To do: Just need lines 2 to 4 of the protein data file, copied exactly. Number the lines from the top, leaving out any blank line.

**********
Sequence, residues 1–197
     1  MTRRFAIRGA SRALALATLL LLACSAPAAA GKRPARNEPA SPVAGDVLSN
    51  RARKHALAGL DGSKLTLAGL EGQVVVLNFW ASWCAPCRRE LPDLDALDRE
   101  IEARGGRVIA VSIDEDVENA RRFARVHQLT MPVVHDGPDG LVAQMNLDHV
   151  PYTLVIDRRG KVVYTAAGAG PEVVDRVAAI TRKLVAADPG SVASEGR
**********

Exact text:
     1  MTRRFAIRGA SRALALATLL LLACSAPAAA GKRPARNEPA SPVAGDVLSN
    51  RARKHALAGL DGSKLTLAGL EGQVVVLNFW ASWCAPCRRE LPDLDALDRE
   101  IEARGGRVIA VSIDEDVENA RRFARVHQLT MPVVHDGPDG LVAQMNLDHV